Think about the last time you saw a photo of a llama, alpaca, or goat on the internet. Was it thriving in a verdant field? Did it look good-natured, or like it had just finished a well-rounded meal? Did it have a supportive group of friends and lovers? Was it utterly absurd? They’re everywhere: from memes to home décor to diapers to the top toy of 2019. So it should come as no surprise, then, that I’m calling camelids and their cousins (goats) the internet darlings of the 2010s.
WHY, though? What is it about these slightly odd, very spitty quadrupeds that has had the internet, and specifically social media, going berserk? Say what you will, trend experts, but I have an infallible theory that is not founded on any data: Llamas, alpacas, and goats occupy an “alternative” space that perfectly reflects the cultural zeitgeist, making them the ideal social media animals.
We didn’t get here by accident. When the internet was born, cats undeniably dominated. Memes, videos, Reddit threads—it was all cats, all the time. And it makes sense: Felines were the perfect animal counterpart to the original internet dwellers; quiet, individualistic, often introverted and surly (if you feel like I’m judging, trust me, I was one of them).
As the internet started to fill out and universalize, however, dogs took over as the darling of online culture. Being the most beloved domestic animal, videos of boops and puppy piles and soldiers coming home to their dogs were really “it” for the majority of the 2000s, and to some extent, will probably be forever. But at some point, the internet cried and said, “This place was made for all kinds, for weirdos and normals alike (but, like, mostly weirdos). Is there not an animal that’s a little less, I don’t know, obvious that can be our mascot?”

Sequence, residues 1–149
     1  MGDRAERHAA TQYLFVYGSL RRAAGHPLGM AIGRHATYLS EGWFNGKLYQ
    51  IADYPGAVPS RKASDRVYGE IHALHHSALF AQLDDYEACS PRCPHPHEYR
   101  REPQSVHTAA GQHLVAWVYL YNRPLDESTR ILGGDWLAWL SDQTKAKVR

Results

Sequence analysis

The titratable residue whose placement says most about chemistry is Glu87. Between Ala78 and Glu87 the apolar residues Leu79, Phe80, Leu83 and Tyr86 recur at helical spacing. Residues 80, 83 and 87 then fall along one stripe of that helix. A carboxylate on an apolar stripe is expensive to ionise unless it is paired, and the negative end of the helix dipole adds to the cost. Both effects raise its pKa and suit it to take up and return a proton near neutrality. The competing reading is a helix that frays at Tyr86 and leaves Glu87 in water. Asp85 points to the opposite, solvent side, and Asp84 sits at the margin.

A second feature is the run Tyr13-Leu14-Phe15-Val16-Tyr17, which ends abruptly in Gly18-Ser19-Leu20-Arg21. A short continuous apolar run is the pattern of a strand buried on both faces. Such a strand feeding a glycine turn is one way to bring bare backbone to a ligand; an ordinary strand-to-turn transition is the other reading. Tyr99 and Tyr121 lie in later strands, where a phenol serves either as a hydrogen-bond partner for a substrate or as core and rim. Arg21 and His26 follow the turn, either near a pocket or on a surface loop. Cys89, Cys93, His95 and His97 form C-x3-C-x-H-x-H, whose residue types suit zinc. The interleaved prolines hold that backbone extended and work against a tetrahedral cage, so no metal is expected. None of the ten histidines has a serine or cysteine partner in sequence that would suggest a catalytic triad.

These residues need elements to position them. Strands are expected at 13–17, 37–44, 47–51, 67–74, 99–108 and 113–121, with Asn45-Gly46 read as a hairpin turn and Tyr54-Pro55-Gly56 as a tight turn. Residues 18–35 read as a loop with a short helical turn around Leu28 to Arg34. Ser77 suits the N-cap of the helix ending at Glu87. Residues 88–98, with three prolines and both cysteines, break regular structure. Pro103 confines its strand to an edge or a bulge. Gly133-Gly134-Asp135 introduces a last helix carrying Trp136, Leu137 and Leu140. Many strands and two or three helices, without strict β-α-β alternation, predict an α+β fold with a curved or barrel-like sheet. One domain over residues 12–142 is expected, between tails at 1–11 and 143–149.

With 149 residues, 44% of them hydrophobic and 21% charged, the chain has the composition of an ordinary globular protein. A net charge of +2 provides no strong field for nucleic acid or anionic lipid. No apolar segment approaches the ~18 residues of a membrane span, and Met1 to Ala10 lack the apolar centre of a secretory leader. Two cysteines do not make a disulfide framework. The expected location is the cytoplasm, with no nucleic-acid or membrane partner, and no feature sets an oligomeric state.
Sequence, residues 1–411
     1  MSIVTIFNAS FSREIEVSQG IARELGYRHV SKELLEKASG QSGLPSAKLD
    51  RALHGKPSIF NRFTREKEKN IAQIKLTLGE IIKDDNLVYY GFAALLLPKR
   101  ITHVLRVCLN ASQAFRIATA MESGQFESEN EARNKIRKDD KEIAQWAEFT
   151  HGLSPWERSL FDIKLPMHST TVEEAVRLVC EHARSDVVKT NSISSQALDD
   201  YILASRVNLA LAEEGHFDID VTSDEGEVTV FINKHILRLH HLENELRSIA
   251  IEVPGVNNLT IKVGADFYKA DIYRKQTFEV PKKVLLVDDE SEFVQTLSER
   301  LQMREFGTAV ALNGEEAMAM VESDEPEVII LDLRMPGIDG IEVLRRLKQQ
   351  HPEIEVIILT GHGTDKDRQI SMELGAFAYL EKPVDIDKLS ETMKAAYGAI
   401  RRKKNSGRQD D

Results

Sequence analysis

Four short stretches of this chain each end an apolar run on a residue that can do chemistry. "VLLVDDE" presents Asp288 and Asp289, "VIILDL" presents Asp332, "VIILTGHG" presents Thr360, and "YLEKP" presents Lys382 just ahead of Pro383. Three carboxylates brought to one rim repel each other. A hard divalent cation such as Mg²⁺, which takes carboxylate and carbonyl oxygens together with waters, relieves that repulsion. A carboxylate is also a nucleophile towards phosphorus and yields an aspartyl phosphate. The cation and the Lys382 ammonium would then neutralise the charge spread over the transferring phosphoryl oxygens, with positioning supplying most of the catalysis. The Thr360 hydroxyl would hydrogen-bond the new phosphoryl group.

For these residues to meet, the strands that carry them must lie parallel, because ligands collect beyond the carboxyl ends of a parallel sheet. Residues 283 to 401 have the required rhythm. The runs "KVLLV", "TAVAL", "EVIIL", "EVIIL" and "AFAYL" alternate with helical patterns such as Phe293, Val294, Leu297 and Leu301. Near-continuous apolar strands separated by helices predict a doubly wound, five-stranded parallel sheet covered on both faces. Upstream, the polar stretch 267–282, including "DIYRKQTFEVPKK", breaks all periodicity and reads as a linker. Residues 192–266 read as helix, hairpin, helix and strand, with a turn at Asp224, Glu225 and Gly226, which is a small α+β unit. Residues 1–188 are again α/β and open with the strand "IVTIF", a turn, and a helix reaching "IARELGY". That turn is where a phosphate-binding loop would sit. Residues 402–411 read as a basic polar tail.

Cut to a video of screaming goat, the proverbial kid in the coalmine.
The rest followed:
In 2013, the aforementioned goat went viral, and so did the Taylor Swift parody.
In 2014, Frostie the Goat wheeled his little hind hooves right into my heart.
In 2015, two llamas escaped from a retirement home in Sun City, AZ and the sexy police chase went viral.
In 2017, a video of goats in jammies at a farm in Maine took my soul by STORM.
In 2018, a change.org petition forced THE emoji-makers into creating a llama emoji.
By the time 2019 rolled around, llamas, alpacas, and goats were fixtures of memes, videos, and social media in particular, making their way onto brand and media Instagram and Twitter accounts as some of the most highly-engaged content. Because who can look at a pic of alpacas kissing and be like, fuck that? None of you can. Not one.
There’s a good chance you’ve noticed all of these animals on the @manrepeller Instagram, if you follow us there (and omg we are FIGHTING if you don’t because I manage it and it’s my child). They’re the perfect fit, and not just because they’re part of a cultural moment that defined the 2010s and gave us the breath of fresh grassy air and oddball levity we so desperately desired, but also because they inspire the right questions, such as: How did you even come to be, you strange, strange horse-cat? They’re bizarre, just like us.
That said, we’re moving into a whole new decade of possibility, and though I’m not saying goodbye to our fuzzy freak friends, I’m curious about the next energizing animal movement. Will it be afghans? Capybaras? Let me know your thoughts. Personally, I’m pulling for lizards but I understand if that’s not your scene.
Feature photos via Daniel Gebhart de Koekkoek.